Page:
Painter Cezanne was a post-impressionist French artist who bridged the gap between 19th-century Impressionism to 20th century Cubism. His artworks consisted of plain colors and small brushwork, which were way different than the artists of his times.
His artistic style was very captivating and had an approach quite varied from the generic ones. World-class artists like Picasso and Matisse called Cezanne the “Father of them all.” His exceptional brushwork was the characteristic of his artworks, inspiring so many artists of his time.
But, this artist has an untold story that very few know about. Unlike Van Gogh, whose depression got so much recognition, Cezanne’s remains unrecognized. Was he suffering from depression? Tap into this lucrative segment to unveil the unknown about Paul Cezanne.
Paul Cezanne – The Mad Artist
Post-Impressionist artist Paul Cezanne was a loner and resisted meeting new people. Sometimes, Cezanne himself considered if he was mad. “Tell me, do you think I’m going mad? I sometimes wonder if “you know” were his own words.
Well, the problem started in 1890 when he was initially diagnosed with diabetes. After that, he was destabilized by his personality so much that he restrained many of his relationships with others.
Although, his painting abilities were the least affected by it.
Cezanne did admire his work but rarely liked his paintings. He spent a long time painting but later destroyed them if he was unsatisfied with his works. It is believed that once, Cezanne put someone to sit to paint an artwork.
He spent three months doing the same but then destroyed the artwork. As he said, was not worthy enough to live up to his expectations. In fact, for some sitters, it was torture for them to model for him. That’s why he was considered a mad artist!
Cezanne and His Sorrow
Cezanne suffered from depression, and it worsened in his later years. Along with diabetes, the artist had a tough time coping with depression. He manifested a usual distrust for fellow human beings. This led to his excessive paranoia.
One of the best Paul Cezanne drawings, Sorrow, painted in 1867, is a depiction of his feelings. In it, a male figure is depicted who is supposedly carrying the weight of an Impressionist underdog. It portrays failure and loss as a man that he thinks of himself.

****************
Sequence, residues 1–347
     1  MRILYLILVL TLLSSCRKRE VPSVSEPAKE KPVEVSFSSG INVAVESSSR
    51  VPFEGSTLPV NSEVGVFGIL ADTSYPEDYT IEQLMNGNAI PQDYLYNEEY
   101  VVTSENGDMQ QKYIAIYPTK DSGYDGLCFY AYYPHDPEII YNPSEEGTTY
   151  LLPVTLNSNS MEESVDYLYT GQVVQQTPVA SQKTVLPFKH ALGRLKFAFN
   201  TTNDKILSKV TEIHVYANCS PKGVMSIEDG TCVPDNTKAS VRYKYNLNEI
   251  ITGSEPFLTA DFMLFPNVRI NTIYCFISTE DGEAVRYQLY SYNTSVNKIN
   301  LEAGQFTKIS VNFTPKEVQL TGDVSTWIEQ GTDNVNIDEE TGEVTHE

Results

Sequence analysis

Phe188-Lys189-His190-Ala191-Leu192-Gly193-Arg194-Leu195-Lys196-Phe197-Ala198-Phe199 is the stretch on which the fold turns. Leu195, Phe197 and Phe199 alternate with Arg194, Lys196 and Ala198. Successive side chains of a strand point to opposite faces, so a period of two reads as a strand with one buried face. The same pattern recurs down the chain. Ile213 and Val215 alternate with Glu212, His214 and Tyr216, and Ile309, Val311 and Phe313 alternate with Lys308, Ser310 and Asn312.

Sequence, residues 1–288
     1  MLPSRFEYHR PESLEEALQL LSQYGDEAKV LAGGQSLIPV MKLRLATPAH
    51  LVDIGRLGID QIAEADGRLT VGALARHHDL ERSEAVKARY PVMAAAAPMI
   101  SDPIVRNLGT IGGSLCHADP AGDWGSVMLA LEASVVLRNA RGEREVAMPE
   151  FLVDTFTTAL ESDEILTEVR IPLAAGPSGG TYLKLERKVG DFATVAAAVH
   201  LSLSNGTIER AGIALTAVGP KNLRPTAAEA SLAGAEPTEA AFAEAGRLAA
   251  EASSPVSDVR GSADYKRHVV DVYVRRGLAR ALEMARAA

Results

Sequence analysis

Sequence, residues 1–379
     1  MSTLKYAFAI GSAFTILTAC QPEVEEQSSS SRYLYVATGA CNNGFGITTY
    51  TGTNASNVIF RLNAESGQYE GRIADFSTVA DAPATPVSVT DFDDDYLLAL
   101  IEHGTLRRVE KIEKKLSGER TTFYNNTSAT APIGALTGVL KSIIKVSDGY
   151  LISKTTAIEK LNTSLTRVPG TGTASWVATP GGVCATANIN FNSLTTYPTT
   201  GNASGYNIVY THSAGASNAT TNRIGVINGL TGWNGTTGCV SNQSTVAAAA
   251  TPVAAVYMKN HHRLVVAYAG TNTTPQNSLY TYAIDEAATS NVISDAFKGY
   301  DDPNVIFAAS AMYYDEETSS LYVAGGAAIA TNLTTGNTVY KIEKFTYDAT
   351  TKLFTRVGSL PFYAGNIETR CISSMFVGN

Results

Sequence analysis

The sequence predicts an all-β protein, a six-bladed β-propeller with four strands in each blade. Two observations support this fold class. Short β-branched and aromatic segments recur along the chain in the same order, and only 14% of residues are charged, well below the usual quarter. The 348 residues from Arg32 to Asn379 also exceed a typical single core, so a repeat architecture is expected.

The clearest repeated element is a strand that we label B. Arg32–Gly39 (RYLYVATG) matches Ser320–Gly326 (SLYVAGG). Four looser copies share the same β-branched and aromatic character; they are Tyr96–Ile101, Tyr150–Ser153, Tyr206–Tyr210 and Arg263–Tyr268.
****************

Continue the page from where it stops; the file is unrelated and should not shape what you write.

Even though the plot of the painting is full of sadness and sorrow, there is still a soft element to it. There is some kind of softness amongst the pain, which doesn’t refer to the figure being weak. Instead, it shows the depth of the emotions he owns, apart from being so disheartened.
Painting for him was like a medium of expressing his feelings, both happiness and sadness. Few people in his life will be an enormous count for Cezanne. He was all alone in his journey and resided as such until death. As an artist, his life was incessantly punctured with success but nothing to be happy about.
Paul Cezanne and Success
Undoubtedly, Paul Cezanne was a late bloomer compared to the other post-Impressionist artists. Nevertheless, he was regarded as the country pumpkin from France, who was perceived to change the idea of generic painting.
He stressed changing the notion of what is real and captured the most fleeting aspects of objects, people, and the surroundings in their rawest form. He re-defined beauty in the nuances of surroundings, captivated them in lush, and achieved the same on his canvas with spastic brushstrokes.
Earlier, he was not considered for the painting ideas and creativity he brought to life. As a result, all his success was when he was old or after-life. This was also a contributing factor to his soaring depression then. Not getting enough recognition for his hard work left him in self-doubts and completely broke his heart.
Cezanne and Criticism
Not everyone loved the techniques used in Paul Cezanne drawings. The Salons in Paris constantly rejected him. He was once upon a time called “a dirty little hedgehog of a man.” Facing so much criticism on his own lowered his self-esteem.
He escaped meeting people because of the judgments and unappreciated comments they put forth. He had a long-life partnership with a woman named Hortense. The relationship also seemed tension-filled and not so happy on the romantic forefront. It was as if whatever Cezanne faced was all on himself.
He had no one to confide in for comfort, peace, or to share his deep feelings. Except for one person who Cezanne admired. His dear friend, Emile Zola. She was one of her closest friends, with whom he surpassed little moments of joy in a life full of anxiety.
For anyone who lived through such criticism, grief, and mental instability, both from others and himself. It is a daily test of perseverance and a matter of survival. Nonetheless, he never gave up painting, and it was an instinctual gesture that caused him both frustration and happiness.
The Bottom Line
Famous painter Cézanne chose to shine above all the odds only through his sheer talent and the idea of never giving up. As a result, he becomes an admirable man for everyone trying to do the same. Not just on the subject of the painting, but through the whole point of view towards life. You can check Paul Cezanne’s drawings to know more about the sensational works he gifted us.